The gender of authority in the legal academy

Date & time

12.30–2pm Wednesday 4 October 2017


Phillipa Weeks Staff Library

ANU College of Law, 5 Fellows Road, The Australian National University


Professor Mary Jane Mossman, Osgoode Hall Law School, Toronto
Professor Margaret Thornton, ANU College of Law


For interstate visitors, we offer suggestions for accommodation near ANU.


Nicole Harman
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‘Herculean Obstacles and Intrepid Complainants’: The Sex Discrimination Complaint at Osgoode Hall Law School, 1987–94

Presentation by Professor Mary Jane Mossman

This paper examines a legal challenge about systemic sex discrimination in an Ontario law school in the late 1980s in relation to the appointment of a new Dean. Arguably, the decision reflected Margaret Thornton’s view about the ‘hegemonic masculinity’ of many academic institutions towards the end of the 20th century – perhaps especially in Ontario where women began to enter the legal profession in large numbers (and the legal academy in small numbers) only in the 1970s. The paper describes the context of the human rights complaint and its impact at Osgoode and beyond, as well as my personal reflections in the ‘eye of the storm’ (with apologies to Patrick White). 


Led by Professor Margaret Thornton

Although legal academic cultures are generally accorded scant attention in the Anglo-Australian legal tradition, feminist legal scholars have been particularly interested in the reflexive project. In discussing Mary Jane’s paper, this comment interrogates the gender of authority in the contemporary legal academy. How have things changed for women? Reference will be made to interviews recently conducted with Australian women law professors.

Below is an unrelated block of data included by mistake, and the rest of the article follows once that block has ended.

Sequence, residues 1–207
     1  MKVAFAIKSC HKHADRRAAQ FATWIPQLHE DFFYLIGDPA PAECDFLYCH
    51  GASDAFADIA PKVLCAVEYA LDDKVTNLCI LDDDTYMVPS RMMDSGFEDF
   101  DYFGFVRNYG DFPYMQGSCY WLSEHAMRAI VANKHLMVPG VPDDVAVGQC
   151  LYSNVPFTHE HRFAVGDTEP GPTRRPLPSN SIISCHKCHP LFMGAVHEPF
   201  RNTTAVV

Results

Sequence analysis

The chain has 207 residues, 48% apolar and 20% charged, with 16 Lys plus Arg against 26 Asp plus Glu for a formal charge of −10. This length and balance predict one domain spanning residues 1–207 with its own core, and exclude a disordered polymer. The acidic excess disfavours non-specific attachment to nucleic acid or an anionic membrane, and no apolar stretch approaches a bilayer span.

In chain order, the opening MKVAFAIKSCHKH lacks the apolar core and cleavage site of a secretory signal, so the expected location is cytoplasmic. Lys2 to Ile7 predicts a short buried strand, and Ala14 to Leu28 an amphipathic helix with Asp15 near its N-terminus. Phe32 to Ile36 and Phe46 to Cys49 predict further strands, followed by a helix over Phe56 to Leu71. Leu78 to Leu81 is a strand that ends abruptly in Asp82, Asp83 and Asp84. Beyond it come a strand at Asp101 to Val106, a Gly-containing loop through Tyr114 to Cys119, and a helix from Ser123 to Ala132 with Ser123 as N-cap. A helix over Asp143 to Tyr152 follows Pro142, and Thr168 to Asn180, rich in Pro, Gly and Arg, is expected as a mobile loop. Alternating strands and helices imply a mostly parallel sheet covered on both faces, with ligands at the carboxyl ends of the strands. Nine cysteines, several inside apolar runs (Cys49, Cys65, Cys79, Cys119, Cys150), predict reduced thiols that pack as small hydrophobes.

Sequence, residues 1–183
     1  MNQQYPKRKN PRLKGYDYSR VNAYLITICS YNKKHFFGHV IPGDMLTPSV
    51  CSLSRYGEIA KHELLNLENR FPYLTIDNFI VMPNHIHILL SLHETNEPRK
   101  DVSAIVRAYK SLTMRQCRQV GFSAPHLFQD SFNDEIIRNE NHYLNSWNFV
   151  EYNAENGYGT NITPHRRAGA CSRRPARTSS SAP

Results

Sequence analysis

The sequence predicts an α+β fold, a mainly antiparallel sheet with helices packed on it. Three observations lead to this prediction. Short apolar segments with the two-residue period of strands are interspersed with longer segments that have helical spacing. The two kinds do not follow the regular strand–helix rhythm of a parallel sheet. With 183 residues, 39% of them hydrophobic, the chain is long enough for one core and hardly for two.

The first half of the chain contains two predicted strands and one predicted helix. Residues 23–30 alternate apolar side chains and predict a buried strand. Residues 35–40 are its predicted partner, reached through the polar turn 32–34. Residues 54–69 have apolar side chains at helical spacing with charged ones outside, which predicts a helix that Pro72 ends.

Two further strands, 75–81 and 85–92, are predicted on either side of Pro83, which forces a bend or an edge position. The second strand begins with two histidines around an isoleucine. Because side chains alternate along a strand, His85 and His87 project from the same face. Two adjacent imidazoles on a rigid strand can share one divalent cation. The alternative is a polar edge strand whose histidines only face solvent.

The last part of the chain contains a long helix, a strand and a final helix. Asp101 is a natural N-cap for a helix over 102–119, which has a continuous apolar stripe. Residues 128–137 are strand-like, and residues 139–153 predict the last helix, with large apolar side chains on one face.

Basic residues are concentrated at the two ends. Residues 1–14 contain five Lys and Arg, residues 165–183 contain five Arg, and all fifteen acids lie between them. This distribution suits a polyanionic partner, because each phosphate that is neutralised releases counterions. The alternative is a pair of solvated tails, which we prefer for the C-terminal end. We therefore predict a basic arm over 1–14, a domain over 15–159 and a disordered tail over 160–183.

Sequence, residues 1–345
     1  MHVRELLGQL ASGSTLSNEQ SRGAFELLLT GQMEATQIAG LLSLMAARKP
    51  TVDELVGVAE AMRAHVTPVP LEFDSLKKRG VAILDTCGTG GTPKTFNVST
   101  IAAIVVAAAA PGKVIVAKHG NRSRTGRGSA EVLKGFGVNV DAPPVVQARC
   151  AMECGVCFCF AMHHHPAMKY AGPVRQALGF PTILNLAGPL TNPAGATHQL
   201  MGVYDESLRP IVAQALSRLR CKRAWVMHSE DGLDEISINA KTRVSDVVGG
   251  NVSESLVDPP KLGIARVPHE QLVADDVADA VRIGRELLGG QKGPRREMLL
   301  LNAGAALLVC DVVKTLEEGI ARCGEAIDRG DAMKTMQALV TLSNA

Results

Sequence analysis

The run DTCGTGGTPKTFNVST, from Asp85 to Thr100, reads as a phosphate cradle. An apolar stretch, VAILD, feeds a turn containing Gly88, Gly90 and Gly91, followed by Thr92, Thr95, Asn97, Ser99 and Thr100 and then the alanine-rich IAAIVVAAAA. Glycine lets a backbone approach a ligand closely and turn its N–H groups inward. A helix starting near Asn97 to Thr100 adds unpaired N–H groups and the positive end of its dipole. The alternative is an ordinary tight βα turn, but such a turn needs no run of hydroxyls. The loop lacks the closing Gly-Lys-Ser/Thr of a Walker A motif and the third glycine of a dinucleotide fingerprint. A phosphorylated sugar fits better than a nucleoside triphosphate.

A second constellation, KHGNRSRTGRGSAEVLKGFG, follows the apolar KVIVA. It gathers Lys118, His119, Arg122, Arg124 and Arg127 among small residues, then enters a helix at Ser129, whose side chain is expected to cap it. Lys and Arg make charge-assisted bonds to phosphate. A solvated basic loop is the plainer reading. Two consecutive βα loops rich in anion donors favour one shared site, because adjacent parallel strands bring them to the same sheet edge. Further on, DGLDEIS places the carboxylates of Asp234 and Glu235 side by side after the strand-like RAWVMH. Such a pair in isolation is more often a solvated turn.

Chaired by Professor Kim Rubenstein.


  • Professor Mary Jane Mossman »

    Professor Mary Jane Mossman has been a member of the faculty at Osgoode Hall Law School since 1977, after beginning her academic career at the University of New South Wales in 1972. She has taught courses in the areas of Property Law, Family Law, and Gender Equality, and has published journal articles and books on these topics. In 2006, she published The First Women Lawyers: A Comparative Study of Gender, Law and the Legal Professions; and her current projects include a historical study of gender and the reform of ‘family property law,’ and a book project on the small groups of women who entered the legal profession in Ontario, 1890s to 1960s.

  • Professor Margaret Thornton »

    Professor Margaret Thornton (FASSA FAAL) is a sociolegal and feminist scholar in the ANU College of Law with a particular interest in legal cultures. Her publications include Privatising the Public University: The Case of Law (Routledge, 2012).

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